verb \ˈräb\

: to take money or property from (a person or a place) illegally and sometimes by using force, violence, or threats

: to keep (someone) from getting something expected or wanted


Full Definition of ROB

transitive verb
a (1) :  to take something away from by force :  steal from (2) :  to take personal property from by violence or threat
b (1) :  to remove valuables without right from (a place)
(2) :  to take the contents of (a receptacle)
c :  to take away as loot :  steal <rob jewelry>
a :  to deprive of something due, expected, or desired
b :  to withhold unjustly or injuriously
intransitive verb
:  to commit robbery
rob·ber noun

Usage Discussion of ROB

Sense vt 1c, in which the direct object is the thing stolen, is sometimes considered to be wrong, or perhaps archaic. The sense has been in use since the 13th century and is found in earlier literature <contrive to rob the honey and subvert the hive — John Dryden>. It is still in use though not as common as other senses <then robbed $100 after the clerk fled — Springfield (Massachusetts) Morning Union>.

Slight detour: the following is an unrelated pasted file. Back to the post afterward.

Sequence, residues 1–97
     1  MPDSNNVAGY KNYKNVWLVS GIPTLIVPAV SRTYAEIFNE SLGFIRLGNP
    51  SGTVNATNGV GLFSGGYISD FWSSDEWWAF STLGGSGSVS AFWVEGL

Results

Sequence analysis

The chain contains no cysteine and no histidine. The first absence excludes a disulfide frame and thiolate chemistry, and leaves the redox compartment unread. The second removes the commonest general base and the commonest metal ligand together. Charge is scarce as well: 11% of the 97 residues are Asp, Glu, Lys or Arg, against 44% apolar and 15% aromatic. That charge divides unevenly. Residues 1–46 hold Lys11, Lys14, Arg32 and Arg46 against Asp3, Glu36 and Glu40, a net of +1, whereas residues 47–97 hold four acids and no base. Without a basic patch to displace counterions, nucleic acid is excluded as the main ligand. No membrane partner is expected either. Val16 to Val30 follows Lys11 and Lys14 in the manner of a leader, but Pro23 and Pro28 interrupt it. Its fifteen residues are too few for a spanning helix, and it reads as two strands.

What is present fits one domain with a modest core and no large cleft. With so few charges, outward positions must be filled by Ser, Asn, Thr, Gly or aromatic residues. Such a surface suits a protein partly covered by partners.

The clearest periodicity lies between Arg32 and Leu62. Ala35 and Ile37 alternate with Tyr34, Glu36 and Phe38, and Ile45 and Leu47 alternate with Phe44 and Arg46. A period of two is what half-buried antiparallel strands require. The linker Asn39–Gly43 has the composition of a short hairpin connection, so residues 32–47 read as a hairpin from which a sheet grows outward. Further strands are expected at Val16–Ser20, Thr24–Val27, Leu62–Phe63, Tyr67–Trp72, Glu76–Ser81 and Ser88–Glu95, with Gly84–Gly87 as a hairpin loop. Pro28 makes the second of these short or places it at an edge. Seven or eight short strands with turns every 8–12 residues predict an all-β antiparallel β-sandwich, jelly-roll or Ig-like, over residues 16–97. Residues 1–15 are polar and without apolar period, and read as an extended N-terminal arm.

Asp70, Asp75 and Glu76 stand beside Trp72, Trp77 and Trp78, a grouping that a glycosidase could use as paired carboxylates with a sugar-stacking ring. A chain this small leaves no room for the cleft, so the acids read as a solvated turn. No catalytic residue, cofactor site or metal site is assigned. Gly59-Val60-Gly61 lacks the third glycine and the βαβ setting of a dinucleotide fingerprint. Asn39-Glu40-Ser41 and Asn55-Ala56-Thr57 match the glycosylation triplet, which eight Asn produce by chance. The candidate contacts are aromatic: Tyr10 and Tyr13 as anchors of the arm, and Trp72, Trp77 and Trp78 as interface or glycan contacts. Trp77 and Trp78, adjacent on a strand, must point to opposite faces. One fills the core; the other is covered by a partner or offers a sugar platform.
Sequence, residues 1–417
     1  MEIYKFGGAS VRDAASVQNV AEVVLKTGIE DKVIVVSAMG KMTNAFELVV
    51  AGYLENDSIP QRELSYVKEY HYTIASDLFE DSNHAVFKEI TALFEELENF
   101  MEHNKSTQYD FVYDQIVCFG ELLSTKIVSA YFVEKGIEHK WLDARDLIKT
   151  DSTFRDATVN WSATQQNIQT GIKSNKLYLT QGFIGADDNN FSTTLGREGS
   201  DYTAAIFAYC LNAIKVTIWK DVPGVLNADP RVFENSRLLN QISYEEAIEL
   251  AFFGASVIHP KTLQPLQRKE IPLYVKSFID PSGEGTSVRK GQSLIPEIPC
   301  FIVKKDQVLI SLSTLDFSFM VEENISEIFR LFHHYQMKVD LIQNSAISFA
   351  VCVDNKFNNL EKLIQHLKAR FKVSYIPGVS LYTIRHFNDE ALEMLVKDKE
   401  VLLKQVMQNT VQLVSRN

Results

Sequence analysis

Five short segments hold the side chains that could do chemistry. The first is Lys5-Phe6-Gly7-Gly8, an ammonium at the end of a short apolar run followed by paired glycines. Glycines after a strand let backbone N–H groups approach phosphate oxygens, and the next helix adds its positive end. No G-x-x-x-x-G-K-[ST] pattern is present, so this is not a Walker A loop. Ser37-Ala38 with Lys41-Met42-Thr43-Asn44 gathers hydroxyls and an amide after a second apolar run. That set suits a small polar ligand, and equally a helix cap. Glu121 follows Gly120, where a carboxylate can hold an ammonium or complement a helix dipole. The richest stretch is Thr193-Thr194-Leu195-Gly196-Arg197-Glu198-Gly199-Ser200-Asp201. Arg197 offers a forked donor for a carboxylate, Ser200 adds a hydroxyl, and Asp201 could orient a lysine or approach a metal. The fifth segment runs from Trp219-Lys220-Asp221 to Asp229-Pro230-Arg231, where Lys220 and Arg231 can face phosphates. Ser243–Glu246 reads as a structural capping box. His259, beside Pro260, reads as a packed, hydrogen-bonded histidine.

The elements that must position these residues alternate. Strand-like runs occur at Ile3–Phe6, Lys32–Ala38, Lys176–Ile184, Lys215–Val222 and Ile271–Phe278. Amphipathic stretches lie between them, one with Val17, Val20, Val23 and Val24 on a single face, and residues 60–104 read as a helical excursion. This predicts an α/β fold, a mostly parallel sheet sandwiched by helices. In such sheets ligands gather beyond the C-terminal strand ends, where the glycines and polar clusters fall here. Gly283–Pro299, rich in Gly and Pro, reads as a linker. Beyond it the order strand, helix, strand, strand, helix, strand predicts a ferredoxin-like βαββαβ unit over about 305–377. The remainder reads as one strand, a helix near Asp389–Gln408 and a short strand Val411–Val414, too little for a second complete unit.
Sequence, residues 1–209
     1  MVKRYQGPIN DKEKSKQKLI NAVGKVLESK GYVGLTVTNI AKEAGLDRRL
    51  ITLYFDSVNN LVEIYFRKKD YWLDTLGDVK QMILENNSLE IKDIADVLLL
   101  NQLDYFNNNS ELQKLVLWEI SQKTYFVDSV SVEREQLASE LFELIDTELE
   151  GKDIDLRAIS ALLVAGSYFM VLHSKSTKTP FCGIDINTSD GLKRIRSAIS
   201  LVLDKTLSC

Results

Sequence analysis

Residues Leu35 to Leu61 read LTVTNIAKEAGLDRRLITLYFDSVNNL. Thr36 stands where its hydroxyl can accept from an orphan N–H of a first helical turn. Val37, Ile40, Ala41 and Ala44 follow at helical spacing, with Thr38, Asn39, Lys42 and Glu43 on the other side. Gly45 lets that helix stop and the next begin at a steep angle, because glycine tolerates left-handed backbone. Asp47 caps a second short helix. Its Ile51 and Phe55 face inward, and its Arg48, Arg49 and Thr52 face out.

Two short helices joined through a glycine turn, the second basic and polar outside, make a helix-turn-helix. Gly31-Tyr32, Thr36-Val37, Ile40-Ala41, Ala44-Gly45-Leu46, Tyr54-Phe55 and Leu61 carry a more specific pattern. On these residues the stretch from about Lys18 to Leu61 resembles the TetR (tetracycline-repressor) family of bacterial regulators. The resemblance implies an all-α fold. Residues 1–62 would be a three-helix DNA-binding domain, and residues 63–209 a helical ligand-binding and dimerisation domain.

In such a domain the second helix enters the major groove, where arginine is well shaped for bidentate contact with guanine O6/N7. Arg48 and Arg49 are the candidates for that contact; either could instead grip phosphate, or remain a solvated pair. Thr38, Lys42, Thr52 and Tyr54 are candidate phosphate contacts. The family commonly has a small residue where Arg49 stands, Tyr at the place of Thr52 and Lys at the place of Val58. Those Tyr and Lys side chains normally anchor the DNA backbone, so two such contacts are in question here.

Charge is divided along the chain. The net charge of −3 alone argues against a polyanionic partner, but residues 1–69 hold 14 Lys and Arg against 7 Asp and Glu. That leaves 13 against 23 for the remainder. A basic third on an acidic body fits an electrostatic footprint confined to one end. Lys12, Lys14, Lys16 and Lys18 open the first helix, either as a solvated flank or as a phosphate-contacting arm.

Examples of ROB

  1. Someone tried to rob me.
  2. The cashier was robbed at gunpoint.

Origin of ROB

Middle English robben, from Anglo-French rober, of Germanic origin; akin to Old High German roubōn to rob — more at reave
First Known Use: 13th century

Rhymes with ROB


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